Former Prime Minister Ehud Barak closed a long and critical essay for Ynet with, “Bravado and empty rhetoric is not the way to proceed and will only make Israel weaker and minimize its ability to act in self-defense. We must all expect more from this ‘coalition of change.'”
Barak's Dec. 5 editorial regarding Israeli policy toward the Iranian nuclear threat was aimed mainly at Prime Minister Naftali Bennett. Barak criticized the conduct of government leaders on the Iranian issue in light of the failing and worrisome nuclear talks in Vienna and the tension he said the government is creating with the United States.
He wrote, “Israel must make the best of a bad situation, and there is an urgent need for strong cooperation with Washington to achieve common goals, such as preventing Iran from becoming a nuclear threshold state. This is no time for public disagreement and a mutual blame game that will be nothing more than an embarrassment, and enable no sober political position backed by military or other means.”
The essay infuriated Bennett and his associates. A source close to Bennett told Ynet, “There are former officials who need to give up the tendency to automatically assume the position of the American government and act as its spokespeople.”
The battle of egos between Barak and Bennett reveals a bit about Bennett’s strategy toward the United States and the Iranian issue, in a way that very much recalls his predecessor in the office, Benjamin Netanyahu. Despite Bennett’s promises to turn over a new leaf in relations between the nations on the eve of his visit to the White House at the end of August and the warm reception he received there, he seems to be changing his stance.
Before the media quarrel between Barak and Bennett, the two met and talked several times as Bennett started the job. Barak generously gave credit to the new government as a lifesaver for the State of Israel in that it brought an end to Netanyahu’s long term. But in recent weeks, especially this past week, something has changed.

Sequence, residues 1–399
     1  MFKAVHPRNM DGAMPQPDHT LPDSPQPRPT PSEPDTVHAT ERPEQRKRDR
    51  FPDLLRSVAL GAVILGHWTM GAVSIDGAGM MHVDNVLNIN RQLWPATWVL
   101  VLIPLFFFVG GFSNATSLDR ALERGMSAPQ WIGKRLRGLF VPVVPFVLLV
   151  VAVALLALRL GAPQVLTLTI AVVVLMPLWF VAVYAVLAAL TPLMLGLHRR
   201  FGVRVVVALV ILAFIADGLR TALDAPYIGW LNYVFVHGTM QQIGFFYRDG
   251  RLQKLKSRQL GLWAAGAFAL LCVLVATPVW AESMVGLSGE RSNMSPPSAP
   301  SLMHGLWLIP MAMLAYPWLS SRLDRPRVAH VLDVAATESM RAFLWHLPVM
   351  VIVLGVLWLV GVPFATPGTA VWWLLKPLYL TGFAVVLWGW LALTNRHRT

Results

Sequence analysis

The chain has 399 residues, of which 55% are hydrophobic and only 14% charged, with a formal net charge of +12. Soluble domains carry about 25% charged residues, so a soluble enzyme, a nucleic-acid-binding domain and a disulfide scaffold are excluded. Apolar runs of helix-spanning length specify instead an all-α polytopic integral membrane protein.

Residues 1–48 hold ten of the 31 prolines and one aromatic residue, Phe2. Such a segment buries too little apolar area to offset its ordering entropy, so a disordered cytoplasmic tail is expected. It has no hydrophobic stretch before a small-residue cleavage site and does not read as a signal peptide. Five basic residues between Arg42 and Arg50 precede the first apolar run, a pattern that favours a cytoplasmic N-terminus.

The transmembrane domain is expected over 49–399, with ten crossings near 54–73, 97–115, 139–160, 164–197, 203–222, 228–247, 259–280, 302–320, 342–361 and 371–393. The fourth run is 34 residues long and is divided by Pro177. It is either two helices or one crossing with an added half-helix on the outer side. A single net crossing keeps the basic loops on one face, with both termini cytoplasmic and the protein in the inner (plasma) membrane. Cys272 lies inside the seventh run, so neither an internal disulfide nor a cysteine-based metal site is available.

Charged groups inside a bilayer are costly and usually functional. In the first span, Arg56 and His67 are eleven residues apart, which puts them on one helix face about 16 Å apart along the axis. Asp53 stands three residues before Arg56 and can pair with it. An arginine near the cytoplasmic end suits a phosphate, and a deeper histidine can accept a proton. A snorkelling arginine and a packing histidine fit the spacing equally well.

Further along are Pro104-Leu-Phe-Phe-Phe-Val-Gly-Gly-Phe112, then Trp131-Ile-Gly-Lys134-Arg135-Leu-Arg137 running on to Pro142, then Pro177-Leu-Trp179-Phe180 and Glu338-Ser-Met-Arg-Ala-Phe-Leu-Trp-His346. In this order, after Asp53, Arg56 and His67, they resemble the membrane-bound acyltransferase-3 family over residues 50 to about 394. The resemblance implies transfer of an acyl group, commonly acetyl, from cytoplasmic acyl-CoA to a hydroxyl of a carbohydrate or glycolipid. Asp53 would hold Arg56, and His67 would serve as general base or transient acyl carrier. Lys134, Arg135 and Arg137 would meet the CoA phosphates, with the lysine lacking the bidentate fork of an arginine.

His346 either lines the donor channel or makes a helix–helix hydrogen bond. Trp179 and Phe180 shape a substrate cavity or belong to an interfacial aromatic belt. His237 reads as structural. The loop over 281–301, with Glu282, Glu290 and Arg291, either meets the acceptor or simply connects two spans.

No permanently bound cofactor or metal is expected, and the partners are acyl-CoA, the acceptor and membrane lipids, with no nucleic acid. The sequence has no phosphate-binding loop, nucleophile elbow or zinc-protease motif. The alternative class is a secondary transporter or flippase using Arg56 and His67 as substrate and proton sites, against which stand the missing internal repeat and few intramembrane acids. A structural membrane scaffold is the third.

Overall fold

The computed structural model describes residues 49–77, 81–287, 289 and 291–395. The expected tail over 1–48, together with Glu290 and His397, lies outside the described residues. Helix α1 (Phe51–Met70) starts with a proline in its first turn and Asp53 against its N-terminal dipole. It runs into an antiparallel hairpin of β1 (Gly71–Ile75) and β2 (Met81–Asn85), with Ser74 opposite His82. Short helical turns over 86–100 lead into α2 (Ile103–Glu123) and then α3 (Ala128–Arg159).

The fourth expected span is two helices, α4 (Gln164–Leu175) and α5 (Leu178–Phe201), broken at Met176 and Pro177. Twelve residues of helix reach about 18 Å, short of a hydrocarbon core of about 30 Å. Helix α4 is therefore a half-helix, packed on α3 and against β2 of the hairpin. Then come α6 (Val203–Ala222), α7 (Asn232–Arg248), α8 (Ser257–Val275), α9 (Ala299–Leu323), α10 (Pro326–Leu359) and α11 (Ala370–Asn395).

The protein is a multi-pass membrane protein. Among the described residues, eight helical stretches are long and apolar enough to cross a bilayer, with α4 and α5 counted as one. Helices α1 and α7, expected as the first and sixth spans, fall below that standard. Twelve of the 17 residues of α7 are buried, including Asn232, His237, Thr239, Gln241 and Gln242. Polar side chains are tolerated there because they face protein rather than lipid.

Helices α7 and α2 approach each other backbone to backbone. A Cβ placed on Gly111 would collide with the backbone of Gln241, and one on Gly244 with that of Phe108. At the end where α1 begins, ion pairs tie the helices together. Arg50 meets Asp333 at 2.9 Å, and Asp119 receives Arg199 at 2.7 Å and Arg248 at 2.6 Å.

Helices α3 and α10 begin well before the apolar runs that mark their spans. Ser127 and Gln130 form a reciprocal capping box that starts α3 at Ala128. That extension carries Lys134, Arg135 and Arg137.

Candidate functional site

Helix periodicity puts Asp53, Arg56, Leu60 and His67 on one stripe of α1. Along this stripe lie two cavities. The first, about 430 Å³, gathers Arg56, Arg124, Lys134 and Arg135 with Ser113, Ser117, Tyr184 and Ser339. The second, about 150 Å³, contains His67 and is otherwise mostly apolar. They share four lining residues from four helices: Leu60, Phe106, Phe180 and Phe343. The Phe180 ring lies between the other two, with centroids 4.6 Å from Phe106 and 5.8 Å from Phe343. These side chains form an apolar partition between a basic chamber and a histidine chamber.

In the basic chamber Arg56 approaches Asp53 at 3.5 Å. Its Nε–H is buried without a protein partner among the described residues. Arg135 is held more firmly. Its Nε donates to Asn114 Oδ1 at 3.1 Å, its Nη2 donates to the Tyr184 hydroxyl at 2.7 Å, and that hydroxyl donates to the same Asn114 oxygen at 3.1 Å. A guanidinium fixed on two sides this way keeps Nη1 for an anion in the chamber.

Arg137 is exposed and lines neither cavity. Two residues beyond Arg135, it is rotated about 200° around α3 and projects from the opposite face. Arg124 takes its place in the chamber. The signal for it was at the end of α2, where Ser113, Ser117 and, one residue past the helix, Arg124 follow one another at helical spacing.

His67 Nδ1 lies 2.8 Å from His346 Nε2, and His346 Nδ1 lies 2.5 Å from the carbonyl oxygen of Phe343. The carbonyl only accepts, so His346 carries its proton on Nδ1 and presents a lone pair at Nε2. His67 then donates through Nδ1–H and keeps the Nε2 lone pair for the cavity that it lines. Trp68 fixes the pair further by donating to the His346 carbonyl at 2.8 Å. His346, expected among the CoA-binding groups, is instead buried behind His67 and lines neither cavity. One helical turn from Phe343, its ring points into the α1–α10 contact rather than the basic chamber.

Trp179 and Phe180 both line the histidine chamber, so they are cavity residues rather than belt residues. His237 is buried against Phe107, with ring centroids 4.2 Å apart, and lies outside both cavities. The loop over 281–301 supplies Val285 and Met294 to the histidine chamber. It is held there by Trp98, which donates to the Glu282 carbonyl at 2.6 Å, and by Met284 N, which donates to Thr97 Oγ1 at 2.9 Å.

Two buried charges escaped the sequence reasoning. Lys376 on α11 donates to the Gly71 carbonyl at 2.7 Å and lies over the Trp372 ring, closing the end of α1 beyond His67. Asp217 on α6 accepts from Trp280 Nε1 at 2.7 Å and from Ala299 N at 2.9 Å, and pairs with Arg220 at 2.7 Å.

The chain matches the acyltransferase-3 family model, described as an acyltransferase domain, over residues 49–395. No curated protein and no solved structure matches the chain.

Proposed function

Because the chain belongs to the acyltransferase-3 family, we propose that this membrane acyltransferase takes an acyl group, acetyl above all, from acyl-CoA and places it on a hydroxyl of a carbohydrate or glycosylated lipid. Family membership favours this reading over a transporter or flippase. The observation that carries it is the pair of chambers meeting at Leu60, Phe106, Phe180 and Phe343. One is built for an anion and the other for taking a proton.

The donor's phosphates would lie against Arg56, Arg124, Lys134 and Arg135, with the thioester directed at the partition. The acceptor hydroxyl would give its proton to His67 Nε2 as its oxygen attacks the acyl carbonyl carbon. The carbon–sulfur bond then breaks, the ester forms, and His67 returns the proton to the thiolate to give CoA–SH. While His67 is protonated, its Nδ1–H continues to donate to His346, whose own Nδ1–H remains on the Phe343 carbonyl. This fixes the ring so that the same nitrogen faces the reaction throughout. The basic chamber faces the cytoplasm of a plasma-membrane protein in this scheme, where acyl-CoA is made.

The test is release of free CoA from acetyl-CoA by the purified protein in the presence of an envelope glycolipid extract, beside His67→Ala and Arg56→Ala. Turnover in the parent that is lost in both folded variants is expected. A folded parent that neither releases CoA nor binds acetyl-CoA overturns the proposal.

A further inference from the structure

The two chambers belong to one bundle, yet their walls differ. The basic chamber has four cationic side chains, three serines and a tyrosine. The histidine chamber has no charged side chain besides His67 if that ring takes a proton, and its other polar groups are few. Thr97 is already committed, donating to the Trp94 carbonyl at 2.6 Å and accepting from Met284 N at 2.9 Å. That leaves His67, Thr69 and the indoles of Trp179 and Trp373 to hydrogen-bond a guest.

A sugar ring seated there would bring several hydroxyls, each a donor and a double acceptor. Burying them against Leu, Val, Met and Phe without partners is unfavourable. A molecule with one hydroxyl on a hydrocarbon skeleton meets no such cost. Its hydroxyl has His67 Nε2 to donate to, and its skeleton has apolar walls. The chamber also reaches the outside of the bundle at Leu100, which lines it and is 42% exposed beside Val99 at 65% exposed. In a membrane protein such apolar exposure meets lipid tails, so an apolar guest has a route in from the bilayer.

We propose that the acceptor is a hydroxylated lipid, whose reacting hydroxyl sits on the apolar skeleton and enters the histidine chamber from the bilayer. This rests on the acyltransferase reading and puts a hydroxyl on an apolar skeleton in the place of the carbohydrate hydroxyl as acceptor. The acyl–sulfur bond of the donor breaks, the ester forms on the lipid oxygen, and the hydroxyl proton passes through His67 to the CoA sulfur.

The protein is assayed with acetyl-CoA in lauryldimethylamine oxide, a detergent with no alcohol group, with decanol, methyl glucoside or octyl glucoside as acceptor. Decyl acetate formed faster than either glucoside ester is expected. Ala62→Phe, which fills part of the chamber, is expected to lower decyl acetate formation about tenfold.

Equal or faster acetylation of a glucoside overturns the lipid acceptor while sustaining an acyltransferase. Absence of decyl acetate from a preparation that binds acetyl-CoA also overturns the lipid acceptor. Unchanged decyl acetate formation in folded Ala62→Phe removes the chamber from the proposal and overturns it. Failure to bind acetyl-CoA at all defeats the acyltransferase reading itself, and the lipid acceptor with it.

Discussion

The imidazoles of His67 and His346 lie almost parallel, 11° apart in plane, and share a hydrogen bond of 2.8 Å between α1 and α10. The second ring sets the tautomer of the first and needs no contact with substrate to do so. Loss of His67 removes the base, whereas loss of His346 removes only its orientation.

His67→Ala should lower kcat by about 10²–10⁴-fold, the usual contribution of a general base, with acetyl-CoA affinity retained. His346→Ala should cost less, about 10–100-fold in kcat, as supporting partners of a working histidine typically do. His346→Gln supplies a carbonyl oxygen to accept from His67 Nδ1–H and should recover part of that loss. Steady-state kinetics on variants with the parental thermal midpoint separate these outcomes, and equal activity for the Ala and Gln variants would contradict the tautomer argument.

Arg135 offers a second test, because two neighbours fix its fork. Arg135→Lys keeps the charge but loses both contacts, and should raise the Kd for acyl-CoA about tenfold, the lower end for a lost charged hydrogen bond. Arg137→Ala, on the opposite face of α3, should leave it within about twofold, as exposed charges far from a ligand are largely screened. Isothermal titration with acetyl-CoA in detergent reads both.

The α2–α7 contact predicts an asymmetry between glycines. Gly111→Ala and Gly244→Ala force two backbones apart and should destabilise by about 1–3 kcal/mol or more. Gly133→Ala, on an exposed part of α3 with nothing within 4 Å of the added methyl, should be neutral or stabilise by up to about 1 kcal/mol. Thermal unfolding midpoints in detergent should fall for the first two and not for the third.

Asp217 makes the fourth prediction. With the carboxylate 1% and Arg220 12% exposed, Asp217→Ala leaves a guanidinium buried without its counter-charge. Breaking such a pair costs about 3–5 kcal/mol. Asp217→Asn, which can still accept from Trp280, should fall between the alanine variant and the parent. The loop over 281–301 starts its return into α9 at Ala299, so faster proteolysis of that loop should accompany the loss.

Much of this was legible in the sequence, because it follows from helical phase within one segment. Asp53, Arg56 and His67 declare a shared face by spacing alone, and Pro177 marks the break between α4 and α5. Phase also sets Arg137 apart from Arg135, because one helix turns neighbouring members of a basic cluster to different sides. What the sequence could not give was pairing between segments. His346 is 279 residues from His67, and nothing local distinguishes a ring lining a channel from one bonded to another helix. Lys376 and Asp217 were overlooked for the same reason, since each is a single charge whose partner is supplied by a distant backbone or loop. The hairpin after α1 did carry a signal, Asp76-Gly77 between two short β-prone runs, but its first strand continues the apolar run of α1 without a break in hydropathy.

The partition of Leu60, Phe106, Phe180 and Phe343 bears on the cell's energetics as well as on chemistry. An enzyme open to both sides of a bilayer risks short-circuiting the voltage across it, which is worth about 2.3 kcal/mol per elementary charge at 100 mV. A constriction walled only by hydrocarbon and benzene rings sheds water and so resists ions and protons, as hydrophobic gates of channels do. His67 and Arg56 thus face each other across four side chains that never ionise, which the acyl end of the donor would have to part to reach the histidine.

Bennett has amplified his rhetoric on the Iranian issue and at the same time used President Isaac Herzog and Mossad chief David Barnea to send public messages that if Israel is forced to, it will take action on its own to ensure that Iran doesn’t have nuclear weapons.
At a Dec. 2 Mossad ceremony, Barnea declared that Iran won’t have nuclear weapons. “Not in the coming years, not ever. That is my promise; that is Mossad’s promise.” Bennett, who was present at the ceremony, said that he “wants to say, in the name of the government of Israel and in my name, I trust you completely with the big tasks ahead of you. I know you will accomplish them.”
Later the same day, there was a tense phone call between Bennett and US Secretary of State Antony Blinken that included updates on the nuclear talks in Vienna. According to a statement issued by his office, the premier told Blinken Iran was "carrying out nuclear blackmail as a negotiation tactic and that this must be met with an immediate cessation of negotiations and by concrete steps taken by the major powers." The conversation, defined by Bennett’s associates as long and not easy, was reportedly almost entirely about Iran. Bennett expressed his opposition to the removal of sanctions on Iran and to the possibility of a partial agreement.